Meanwhile, CBS will roll out six new shows...all starring white men. Say it with me, y'all: #CBSSoWhite. Thankfully the media and frustrated television viewers have loudly voiced their distaste with CBS's problematic programming practices.
During their network panel at the Television Critics Association press tour last week, CBS entertainment president Glen Geller offered a pitiful and ham-fisted response to the pointed questions about the network's glaring lack of diversity. "We need to do better and we know it...We showed you some photos of 16 new series regulars, 11 of them are diverse. I know they’re not leads, but 11 are diverse and that is our commitment to diversity," Geller said, according to EW.com.
Translation: Inclusion is awesome for supporting characters whose only purpose is to serve the white leads, and can be killed off to evoke white pain come sweeps. See Yvette Nicole Brown's role as Oscar Madison's assistant in The Odd Couple reboot. And Taraji P. Henson's late Det. Joss Carter in Person Of Interest.
Since I sincerely believe CBS's heartfelt promise to do better and that it's not a half-assed rationale of their casting methods, I decided to do the heavy-lifting for them. So next season, there will be no excuse for the stars of their shows to look like the audience of a Donald Trump rally.
Here are 8 diverse actors who are long overdue for their own television shows…
With his princely good looks and stacked resume that includes the blockbuster Star Trek franchise and small screen credits in ABC’s cute-but-cancelled Selfie and the good season of Fox’s Sleepy Hollow, Cho has all the range of a leading man who can sell action, romance, comedy, and sci-fi weirdness. All he needs is the opportunity. I regularly daydream about Cho leading dramedy that contains all three. StarringJohnCho, a twitter account dedicated to the actor's success, does too. Look at that, CBS, a built in fanbase!
If CBS is truly devoted to “do better” in terms of diversity, then it should have no problem finding a great series for dynamic actor Sarah Shahi. She’s starred in Person Of Interest, Chicago Fire and one of my short-lived faves, Life (alongside breakout star Damien Lewis). Earlier this year, CBS declined to pick up the modern re-imagining of the Nancy Drew series because it was deemed “too female.” (Yes, you read that right). CBS, of course, refutes those claims. They should put their money where their excuses are and invest in a show in which Shahi is a plays a vigilante who spends her days running a flower shop and her nights beating up bad boyfriends, cheating husbands and criminals.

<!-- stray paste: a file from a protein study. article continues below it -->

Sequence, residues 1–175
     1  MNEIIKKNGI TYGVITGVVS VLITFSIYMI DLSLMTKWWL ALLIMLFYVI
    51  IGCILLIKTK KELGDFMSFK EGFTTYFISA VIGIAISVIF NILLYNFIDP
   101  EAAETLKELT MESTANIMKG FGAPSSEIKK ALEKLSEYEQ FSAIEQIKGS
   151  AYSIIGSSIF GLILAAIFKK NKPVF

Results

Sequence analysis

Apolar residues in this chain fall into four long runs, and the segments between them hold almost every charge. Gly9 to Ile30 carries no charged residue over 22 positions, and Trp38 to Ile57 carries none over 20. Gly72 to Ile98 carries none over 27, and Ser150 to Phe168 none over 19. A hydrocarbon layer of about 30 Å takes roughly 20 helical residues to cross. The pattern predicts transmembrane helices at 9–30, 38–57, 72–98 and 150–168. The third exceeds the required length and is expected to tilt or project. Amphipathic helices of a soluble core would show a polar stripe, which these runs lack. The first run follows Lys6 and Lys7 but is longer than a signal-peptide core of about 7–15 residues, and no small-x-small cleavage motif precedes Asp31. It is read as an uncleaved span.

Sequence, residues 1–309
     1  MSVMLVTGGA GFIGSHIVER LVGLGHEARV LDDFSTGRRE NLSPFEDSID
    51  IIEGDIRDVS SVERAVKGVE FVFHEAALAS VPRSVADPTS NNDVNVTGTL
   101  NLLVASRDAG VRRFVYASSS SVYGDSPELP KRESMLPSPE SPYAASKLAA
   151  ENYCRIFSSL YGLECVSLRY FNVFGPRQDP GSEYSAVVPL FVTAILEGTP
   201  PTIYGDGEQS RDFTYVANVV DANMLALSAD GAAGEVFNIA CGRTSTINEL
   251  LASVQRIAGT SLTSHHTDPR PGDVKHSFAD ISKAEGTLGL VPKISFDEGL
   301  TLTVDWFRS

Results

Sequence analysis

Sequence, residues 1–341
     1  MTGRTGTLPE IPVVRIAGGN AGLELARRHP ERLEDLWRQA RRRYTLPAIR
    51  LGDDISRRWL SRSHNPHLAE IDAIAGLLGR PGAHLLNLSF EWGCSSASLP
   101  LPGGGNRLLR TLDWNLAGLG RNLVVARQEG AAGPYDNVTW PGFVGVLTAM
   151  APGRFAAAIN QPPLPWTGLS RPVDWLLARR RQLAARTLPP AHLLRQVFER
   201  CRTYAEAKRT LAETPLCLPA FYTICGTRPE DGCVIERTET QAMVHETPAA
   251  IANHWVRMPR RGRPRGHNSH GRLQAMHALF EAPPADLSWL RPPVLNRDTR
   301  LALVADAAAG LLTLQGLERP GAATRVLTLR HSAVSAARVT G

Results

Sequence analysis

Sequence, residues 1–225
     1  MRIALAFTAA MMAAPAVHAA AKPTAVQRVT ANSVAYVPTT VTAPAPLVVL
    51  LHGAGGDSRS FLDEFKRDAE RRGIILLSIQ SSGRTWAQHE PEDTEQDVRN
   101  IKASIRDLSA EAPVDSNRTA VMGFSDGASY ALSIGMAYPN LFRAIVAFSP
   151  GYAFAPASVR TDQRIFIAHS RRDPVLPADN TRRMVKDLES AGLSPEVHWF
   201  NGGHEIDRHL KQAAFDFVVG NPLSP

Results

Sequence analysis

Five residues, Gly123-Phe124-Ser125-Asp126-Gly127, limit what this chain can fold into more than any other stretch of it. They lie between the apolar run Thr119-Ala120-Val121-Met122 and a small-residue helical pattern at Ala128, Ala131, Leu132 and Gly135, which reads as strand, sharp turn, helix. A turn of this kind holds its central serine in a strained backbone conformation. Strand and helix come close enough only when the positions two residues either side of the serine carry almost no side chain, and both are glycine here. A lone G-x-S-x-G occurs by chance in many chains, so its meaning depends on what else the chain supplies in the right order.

If you loved seeing Nicole Beharie kick supernatural ass on the problematic Sleepy Hollow, then you would adore her in a new series that does the same and doesn’t treat her terribly. After a messy exit from the Fox sci-fi drama, her fans would flock to a series in which Beharie portrays a well-rounded character who loves, cries, fails and of course, slays.
With Happy Endings long-cancelled and Coach just a memory on Fox’s New Girl, it’s high-time this Let’s Be Cops star returned to the small screen. The Big Bang Theory is showing its age, so Wayans Jr. could easily fill that void in a gut-gusting sitcom about a lovable dope named Damon.
It’s a Hollywood tragedy that Nia Long isn’t a household name since she’s starred in so many now classic movies and TV shows like Boyz In The Hood, Soul Food, The Fresh Prince of Bel-Air and the Best Man movies. After decades of playing the girlfriend and the wife (most recently in ABC’s now cancelled Uncle Buck remake), Long is long overdue to show her chops. I envision her in a Black workplace legal dramedy that fills the gaping void left by Parks and Recreation and The Good Wife.
She broke our hearts as Rue in The Hunger Games, and stepped on the pieces as a paralyzed teenager on Sleepy Hollow. I’d love to see her grind the shards into dust in starring as a naïve college student in a fish-out-of-water family drama. This is something CBS, the network who never met a police procedural it didn’t like, desperately needs, especially with Supergirl flying to The CW.
I fell in love with Leslie Odom Jr. when he played a sassy demon on The CW’s Supernatural, years before he starred in Broadway’s record-breaking smash, Hamilton. He’s also killed in recurring roles on television staples, including Law & Order: SVU, Person Of Interest, and a supporting role in Smash, proving that he is a triple-threat in the truest form. If anyone can crush a starring role in a legal drama or as a brilliant-but-troubled anti-hero, it’s a Broadway star who did it eight shows a week live!